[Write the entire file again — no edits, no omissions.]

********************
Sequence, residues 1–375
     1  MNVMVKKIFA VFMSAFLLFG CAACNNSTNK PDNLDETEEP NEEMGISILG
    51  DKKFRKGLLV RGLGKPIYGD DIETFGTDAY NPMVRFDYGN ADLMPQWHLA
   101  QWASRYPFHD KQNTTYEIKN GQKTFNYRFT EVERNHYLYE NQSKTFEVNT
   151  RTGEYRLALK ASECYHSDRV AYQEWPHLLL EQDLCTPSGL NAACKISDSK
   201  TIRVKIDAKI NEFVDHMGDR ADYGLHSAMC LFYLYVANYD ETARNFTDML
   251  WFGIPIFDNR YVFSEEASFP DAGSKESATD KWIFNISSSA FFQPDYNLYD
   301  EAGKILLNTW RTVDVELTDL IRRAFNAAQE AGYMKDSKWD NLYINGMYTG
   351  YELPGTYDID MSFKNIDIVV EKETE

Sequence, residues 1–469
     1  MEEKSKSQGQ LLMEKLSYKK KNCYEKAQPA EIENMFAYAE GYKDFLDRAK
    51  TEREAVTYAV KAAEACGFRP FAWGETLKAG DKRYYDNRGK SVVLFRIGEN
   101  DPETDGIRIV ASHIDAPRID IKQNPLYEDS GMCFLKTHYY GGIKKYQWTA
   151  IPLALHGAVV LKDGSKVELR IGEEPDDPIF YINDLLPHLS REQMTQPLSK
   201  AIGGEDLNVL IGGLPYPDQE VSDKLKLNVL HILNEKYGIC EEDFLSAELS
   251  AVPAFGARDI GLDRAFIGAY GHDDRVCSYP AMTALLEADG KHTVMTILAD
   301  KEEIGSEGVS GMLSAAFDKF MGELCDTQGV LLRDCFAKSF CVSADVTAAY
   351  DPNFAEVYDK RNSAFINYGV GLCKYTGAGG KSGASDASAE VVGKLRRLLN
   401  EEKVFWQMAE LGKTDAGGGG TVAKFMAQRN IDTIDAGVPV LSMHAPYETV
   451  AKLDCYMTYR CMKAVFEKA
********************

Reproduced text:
Sequence, residues 1–375
     1  MNVMVKKIFA VFMSAFLLFG CAACNNSTNK PDNLDETEEP NEEMGISILG
    51  DKKFRKGLLV RGLGKPIYGD DIETFGTDAY NPMVRFDYGN ADLMPQWHLA
   101  QWASRYPFHD KQNTTYEIKN GQKTFNYRFT EVERNHYLYE NQSKTFEVNT
   151  RTGEYRLALK ASECYHSDRV AYQEWPHLLL EQDLCTPSGL NAACKISDSK
   201  TIRVKIDAKI NEFVDHMGDR ADYGLHSAMC LFYLYVANYD ETARNFTDML
   251  WFGIPIFDNR YVFSEEASFP DAGSKESATD KWIFNISSSA FFQPDYNLYD
   301  EAGKILLNTW RTVDVELTDL IRRAFNAAQE AGYMKDSKWD NLYINGMYTG
   351  YELPGTYDID MSFKNIDIVV EKETE

Sequence, residues 1–469
     1  MEEKSKSQGQ LLMEKLSYKK KNCYEKAQPA EIENMFAYAE GYKDFLDRAK
    51  TEREAVTYAV KAAEACGFRP FAWGETLKAG DKRYYDNRGK SVVLFRIGEN
   101  DPETDGIRIV ASHIDAPRID IKQNPLYEDS GMCFLKTHYY GGIKKYQWTA
   151  IPLALHGAVV LKDGSKVELR IGEEPDDPIF YINDLLPHLS REQMTQPLSK
   201  AIGGEDLNVL IGGLPYPDQE VSDKLKLNVL HILNEKYGIC EEDFLSAELS
   251  AVPAFGARDI GLDRAFIGAY GHDDRVCSYP AMTALLEADG KHTVMTILAD
   301  KEEIGSEGVS GMLSAAFDKF MGELCDTQGV LLRDCFAKSF CVSADVTAAY
   351  DPNFAEVYDK RNSAFINYGV GLCKYTGAGG KSGASDASAE VVGKLRRLLN
   401  EEKVFWQMAE LGKTDAGGGG TVAKFMAQRN IDTIDAGVPV LSMHAPYETV
   451  AKLDCYMTYR CMKAVFEKA